Security of data has never been of more importance than the present, with the escalating threat of both organised and ‘bedroom’ hackers aiming for the personal data of internet business’s clientele. But just what is at risk from an attack to a business’s website?
A website is a hive of data, from containing the details of many client’s personal information (such as email addresses, contact information, etc.) to establishing links to any computers connecting to that website. It provides a simple pathway into the computers of potentially thousands - and in the case of larger companies, millions - of other devices, making such websites prime targets for hackers who are after large amounts of data very quickly.
An attack can take various forms. Some will aim to extract the personal information of clientele, which can be added to other stolen data to be traded on illegal networks for profit. Others may aim to insert malware via the connections made to site visitors, spreading the malicious software to the users’ PCs. The knock-on effect of a security breach in even a small business can be catastrophic, and as such the internet security industry has skyrocketed in popularity. With it becoming common knowledge that data is at risk from identity theft, customers are looking to developers for effective protection. Should a security breach occur in a businesses’ database, clients lose trust of storing their personal data with that company, leading to a loss of both profit and reputation. It is therefore desperately important to protect the data of both the business, and it’s customers, and simply cannot be ignored.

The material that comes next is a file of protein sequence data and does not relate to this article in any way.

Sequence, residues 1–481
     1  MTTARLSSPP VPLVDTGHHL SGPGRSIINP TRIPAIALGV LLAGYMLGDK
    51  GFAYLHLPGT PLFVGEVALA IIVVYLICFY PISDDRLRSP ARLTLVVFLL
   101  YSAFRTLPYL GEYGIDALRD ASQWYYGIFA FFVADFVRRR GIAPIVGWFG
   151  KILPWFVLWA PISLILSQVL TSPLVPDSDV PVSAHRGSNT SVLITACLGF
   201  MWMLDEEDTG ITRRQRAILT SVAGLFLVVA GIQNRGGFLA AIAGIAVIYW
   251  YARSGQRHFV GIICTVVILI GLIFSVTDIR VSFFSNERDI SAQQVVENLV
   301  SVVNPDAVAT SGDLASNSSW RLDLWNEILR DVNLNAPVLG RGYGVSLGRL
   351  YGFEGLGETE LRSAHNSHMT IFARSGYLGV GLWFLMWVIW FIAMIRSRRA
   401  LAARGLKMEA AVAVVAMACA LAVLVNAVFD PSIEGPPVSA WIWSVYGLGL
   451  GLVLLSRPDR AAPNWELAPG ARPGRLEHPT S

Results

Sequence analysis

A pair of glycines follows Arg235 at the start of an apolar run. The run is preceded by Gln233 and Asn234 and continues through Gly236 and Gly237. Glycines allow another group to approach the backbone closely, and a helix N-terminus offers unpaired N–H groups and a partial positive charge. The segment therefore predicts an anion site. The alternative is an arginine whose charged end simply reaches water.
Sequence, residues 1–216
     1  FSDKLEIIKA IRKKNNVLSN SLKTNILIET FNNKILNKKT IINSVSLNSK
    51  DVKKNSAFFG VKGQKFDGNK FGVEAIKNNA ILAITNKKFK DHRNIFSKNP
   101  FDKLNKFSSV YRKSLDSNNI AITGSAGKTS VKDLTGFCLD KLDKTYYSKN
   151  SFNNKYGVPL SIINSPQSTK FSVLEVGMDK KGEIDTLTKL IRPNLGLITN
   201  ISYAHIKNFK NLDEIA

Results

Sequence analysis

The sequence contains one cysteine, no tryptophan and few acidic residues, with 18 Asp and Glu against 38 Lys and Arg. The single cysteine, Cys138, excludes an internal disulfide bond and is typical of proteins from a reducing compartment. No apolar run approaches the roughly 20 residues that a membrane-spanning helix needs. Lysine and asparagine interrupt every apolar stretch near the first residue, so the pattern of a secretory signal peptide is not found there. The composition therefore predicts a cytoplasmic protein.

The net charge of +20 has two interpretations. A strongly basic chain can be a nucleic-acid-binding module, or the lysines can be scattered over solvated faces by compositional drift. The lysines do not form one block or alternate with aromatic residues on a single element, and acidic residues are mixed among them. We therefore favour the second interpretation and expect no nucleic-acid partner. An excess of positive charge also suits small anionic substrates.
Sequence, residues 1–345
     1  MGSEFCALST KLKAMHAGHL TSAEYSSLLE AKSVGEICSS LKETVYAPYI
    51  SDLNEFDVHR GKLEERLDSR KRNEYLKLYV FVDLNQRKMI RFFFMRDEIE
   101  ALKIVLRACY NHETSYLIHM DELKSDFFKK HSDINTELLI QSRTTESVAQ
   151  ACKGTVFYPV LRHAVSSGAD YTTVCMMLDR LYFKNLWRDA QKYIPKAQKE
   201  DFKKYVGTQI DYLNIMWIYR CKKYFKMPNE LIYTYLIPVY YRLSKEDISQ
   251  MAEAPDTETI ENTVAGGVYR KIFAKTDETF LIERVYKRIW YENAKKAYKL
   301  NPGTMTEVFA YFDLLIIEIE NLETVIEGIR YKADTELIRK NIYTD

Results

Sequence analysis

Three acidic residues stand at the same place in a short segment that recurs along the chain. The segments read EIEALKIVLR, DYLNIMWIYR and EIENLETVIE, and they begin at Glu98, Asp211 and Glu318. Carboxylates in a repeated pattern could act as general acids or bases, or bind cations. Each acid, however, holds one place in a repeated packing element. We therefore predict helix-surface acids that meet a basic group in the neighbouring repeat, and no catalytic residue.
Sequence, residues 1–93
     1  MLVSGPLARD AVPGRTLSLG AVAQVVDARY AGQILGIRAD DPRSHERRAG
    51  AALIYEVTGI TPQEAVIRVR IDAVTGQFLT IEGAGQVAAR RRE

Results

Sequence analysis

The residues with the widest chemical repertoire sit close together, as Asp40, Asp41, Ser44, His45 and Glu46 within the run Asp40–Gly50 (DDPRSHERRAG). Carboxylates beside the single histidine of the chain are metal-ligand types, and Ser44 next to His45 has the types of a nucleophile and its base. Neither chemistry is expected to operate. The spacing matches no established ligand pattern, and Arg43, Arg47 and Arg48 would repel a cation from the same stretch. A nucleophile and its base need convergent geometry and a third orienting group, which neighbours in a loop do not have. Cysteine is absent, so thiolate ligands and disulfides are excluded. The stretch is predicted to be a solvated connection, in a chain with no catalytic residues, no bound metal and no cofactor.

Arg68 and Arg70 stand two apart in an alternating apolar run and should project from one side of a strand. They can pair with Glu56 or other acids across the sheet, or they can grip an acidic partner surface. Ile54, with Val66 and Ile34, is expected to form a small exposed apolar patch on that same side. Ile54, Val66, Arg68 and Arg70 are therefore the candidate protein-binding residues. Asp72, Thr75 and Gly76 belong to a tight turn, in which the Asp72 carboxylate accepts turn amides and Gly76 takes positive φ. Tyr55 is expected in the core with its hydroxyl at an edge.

How can a website be protected?
The most basic steps involve the careful management of any passwords and login information. Ensure the website host you use is trusted and competent in internet security, as host servers can be a direct route to a website for attackers. But there is also the onus on the website owner to protect themselves. The information given to visitors must be kept to a minimum in error messages, preventing information such as database passwords from being leaked. If your website allows for file uploads, such as profile customisation, these can hide executable scripts that can infect the website. To avoid this, all uploads must be carefully monitored. Deny any executables by changing file permissions, for example - details on how to do this can easily be found online. Due to recent changes, gaining an SSL (Secure Sockets Layer) certificate is now free, and is becoming the standard for reputable businesses. In this article posted on our blog, we explain why SSL is rapidly becoming a must in the IT industry. These are just the basics, with many more options that should be explored to fully secure your website.
If you find your website does not have these barriers in place, it is highly recommended that changes are made immediately. Prevention is better than cure, it is said, and when it comes to internet security, there really is no time better than the present. At Ansta, security is a priority, and as such our website is built with a proprietary in-house CMS (which constains none of the security holes open-source solutions do), alongside our website being fully secured.